I think I have always been a traveler at heart. From the time I was a young girl I was always thrilled to get away whether it was on a trip or to summer camp I always loved being gone. I went on my first international trip when I was barely 15 when I traveled to Europe with my High school French teacher. After that only school, my job, and at times and money could keep me stateside.
In the last year I have been to Jamaica multiple times and have just recently returned from Honduras. I loved seeing the similarities and differences between the two countries but I was saddened by the reoccurring theme of poverty. Granted, Honduras' poverty seemed more widespread and extreme than in Jamaica but nonetheless poverty is never appealing no matter the amount.
I always have a hard time integrating back into America society after being abroad but adjusting back after Honduras was even harder than usual. We saw some terrible things there all centered around the devastating effects of poverty. Children were highly malnourished, mothers were desperate for clothes, shoes, and food to care for their families, and their living structures were no more than pieces of wood and trash bags. For two nights I laid awake trying to process what I had seen but could find no peace. Then on the second day back I got an email from an acquaintance at World Help.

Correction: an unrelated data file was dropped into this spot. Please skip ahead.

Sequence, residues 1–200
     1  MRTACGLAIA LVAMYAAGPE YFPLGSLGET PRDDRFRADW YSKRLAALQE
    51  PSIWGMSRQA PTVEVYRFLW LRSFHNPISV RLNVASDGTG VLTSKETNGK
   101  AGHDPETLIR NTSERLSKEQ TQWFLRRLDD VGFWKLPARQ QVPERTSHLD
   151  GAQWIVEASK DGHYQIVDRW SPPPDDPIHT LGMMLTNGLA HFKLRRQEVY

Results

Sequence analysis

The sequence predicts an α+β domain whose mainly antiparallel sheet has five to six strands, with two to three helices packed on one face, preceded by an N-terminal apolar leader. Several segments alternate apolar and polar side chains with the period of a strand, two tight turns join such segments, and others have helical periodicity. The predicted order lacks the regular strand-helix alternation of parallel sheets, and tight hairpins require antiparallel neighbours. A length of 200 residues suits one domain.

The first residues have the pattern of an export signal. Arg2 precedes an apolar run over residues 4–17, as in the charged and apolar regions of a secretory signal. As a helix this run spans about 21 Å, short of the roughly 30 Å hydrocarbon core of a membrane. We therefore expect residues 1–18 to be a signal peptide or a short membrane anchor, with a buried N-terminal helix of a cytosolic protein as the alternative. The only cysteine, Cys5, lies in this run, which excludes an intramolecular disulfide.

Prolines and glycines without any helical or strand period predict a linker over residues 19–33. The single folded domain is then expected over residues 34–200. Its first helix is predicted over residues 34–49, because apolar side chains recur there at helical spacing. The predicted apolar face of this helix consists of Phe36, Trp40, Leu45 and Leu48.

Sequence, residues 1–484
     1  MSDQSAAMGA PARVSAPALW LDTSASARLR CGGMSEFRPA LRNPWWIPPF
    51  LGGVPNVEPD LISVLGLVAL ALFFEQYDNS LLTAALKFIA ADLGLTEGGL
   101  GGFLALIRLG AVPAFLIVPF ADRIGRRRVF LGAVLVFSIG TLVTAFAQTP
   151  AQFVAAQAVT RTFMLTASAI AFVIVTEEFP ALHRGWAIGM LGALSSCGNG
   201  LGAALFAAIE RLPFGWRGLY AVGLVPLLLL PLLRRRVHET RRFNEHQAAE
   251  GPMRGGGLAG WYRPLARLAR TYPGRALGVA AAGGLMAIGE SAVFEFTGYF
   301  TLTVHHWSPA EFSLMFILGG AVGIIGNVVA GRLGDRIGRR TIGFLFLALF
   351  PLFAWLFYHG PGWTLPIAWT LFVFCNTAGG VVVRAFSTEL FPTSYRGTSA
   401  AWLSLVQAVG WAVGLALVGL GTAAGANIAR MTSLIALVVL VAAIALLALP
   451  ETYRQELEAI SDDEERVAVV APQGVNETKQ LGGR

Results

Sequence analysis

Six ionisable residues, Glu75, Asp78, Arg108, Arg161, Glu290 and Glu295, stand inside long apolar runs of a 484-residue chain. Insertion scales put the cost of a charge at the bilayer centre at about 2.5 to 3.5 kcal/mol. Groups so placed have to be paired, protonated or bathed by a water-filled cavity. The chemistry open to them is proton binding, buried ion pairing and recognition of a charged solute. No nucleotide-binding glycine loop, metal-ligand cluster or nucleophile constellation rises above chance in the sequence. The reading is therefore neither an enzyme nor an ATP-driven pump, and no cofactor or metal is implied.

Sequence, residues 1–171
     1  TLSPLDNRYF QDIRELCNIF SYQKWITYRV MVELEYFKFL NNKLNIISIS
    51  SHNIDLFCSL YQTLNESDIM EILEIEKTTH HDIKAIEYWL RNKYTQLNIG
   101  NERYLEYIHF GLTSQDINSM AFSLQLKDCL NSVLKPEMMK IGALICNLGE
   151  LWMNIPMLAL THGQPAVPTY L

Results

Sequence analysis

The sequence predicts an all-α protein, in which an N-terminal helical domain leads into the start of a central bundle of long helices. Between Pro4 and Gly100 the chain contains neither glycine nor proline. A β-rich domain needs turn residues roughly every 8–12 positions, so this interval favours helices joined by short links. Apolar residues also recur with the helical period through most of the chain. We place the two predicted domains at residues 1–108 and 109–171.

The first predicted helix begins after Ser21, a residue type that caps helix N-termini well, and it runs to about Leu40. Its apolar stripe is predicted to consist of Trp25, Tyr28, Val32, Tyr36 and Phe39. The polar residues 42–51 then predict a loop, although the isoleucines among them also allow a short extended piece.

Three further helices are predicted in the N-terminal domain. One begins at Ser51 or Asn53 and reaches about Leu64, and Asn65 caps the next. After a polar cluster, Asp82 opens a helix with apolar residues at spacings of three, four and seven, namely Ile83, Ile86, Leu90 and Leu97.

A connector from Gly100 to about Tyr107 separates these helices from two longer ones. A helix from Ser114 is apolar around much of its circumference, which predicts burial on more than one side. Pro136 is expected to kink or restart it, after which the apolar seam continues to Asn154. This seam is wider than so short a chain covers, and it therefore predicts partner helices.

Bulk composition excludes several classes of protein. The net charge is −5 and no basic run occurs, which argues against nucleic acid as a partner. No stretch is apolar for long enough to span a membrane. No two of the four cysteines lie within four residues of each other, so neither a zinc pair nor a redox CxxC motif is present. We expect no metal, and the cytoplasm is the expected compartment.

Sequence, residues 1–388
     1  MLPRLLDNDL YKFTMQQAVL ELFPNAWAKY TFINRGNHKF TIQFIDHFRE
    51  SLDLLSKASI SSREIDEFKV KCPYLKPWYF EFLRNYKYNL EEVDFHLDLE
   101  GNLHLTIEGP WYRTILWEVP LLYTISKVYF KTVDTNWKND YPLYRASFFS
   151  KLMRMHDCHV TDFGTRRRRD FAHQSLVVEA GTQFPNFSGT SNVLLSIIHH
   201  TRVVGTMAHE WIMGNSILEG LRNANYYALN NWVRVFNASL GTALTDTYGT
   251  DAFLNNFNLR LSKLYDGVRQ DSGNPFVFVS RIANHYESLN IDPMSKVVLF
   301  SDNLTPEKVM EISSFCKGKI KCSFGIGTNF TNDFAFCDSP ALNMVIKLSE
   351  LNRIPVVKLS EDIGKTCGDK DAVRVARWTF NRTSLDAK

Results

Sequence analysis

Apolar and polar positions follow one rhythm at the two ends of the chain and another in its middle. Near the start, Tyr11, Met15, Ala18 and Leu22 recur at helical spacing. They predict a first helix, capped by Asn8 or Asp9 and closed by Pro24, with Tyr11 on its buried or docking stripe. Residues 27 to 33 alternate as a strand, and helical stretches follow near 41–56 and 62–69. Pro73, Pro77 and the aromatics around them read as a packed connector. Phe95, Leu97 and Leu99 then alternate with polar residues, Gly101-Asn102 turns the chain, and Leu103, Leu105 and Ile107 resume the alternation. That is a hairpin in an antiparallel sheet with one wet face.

The email told about the tragic situation going on in Somalia due to an extensive famine. The numbers in the email were heart breaking. 29,000 children under the age of 5 and died in the last 90 days with thousands more expected in the coming weeks. More poverty to process and I felt confused and overwhelmed by it all.
I grappled over the numbers, played the pictures of the children in Jamaica, Honduras and now Somalia over and over on my computer and I knew I had to fight for them somehow. In order to help to the fullest capacity I felt like I needed to understand how they felt and what they were going through. On my quest to understand poverty and world hunger I created the Hunger Project where I vowed to forgo food until I felt somewhat close to how these starving children feel everyday. I am currently on Day 6 of the project and have blogging my daily finds about how it feels to truly be hungry. The blog and project are helping make people more aware of world hunger and encouraging us all to never forget how blessed we are. Some have joined me on a lesser scale and are giving up one meal a day. All money that is saved on not eating out and buying groceries is going to shipping 20 $6,000 food containers to a refugee camp in Kenya to help these dying people groups.
This is not a call to join the hunger project and to commit to giving up food because that part is simply not for everyone. Instead, this is a call to never forget that people around the world are dying everyday because of a lack of food and water. Also, I hope none of you will ever forget to be thankful that your children and families are amply blessed with the necessities of life.